All in the same boat


Estimated reading time: 3 minutes

dragon boating

The challenge of dragon boating has seen Dr Jane Griffin of Main Street Veterinary Clinic in Bairnsdale, Victoria, find competition, camaraderie and community.

“I got into dragon boating because my boss’s wife invited me to join a team. I was swimming and cycling but I’d injured my knee in a cattle-yard accident so I had to take it easy when walking and running. The team I joined was a breast cancer survivor and supporter group called Dragons Abreast. I had been in the club for four years when I was diagnosed with breast cancer. 

“I made an announcement to the team that I was leaving the group as a supporter and they all thought I was leaving town. Then I announced I was immediately rejoining as a survivor. It certainly helped being among such supportive people.

“I underwent 12 months of treatment and paddled in the boat throughout my chemotherapy and recovery. There is much research that has thoroughly proven that exercise is very important during cancer treatment. I paddled with Dragons Abreast until last year when a few of us got together and decided to train a bit harder and push ourselves a bit more.

“I now paddle with the Kingfisher Dragon Boat Club. I was interested to see if there would be any interest in our new club. The team officially launched in February 2023, and we now have more than 50 members. Dragon boats at regattas are all one size and in races are paddled by teams of 10 or 20 people. There’s a drummer at the front to keep time and a sweep at the back to steer the boat.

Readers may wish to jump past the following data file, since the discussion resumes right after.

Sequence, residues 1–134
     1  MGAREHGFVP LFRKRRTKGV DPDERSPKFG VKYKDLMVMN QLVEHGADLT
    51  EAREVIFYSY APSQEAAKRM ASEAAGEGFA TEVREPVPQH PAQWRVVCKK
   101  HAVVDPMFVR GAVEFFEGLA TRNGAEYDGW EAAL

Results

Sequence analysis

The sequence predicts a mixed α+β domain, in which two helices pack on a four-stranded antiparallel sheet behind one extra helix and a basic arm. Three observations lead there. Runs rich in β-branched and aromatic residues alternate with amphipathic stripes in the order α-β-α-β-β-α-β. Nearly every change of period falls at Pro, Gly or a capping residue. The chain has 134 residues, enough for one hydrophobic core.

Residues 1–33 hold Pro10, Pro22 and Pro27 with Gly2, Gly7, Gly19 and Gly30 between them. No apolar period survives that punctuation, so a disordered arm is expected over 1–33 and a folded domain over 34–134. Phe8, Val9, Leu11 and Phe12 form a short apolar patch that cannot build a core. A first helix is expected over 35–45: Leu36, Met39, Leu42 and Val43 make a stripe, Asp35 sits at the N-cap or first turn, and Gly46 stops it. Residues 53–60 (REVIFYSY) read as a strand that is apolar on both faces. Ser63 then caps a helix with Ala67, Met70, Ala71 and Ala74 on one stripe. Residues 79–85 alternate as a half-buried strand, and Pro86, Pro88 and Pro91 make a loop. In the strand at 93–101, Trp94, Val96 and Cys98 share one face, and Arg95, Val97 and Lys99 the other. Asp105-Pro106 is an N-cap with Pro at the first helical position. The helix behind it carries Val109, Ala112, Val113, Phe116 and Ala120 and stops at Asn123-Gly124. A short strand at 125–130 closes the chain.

“After a lot of effort, I’m now a level three sweep. I had to undertake 10 hours of sweeping in a club boat, a course and exam run by Dragon Boat Victoria, a lot of study relating to marine laws and safety, and another 20 hours of sweeping for my club. I then had to sweep in three races at three regattas without any adverse incidents. The whole thing took me about 18 months.

“Dragon Boating was the first team sport I played and I loved it immediately. You need to work together in unison just to get a boat out on the water. The community involvement has been wonderful and I’ve met heaps of people. Local and interstate regattas are great places to catch up and network. When travelling, you’re welcome to paddle with any other club, provided you’re registered with the state body. There’s a fantastic social aspect and the competition is hard fought and exciting. I love dragon boating so much, I’ve recently registered for a coaching course. It’s another intense and lengthy process but I can’t wait to get started.”


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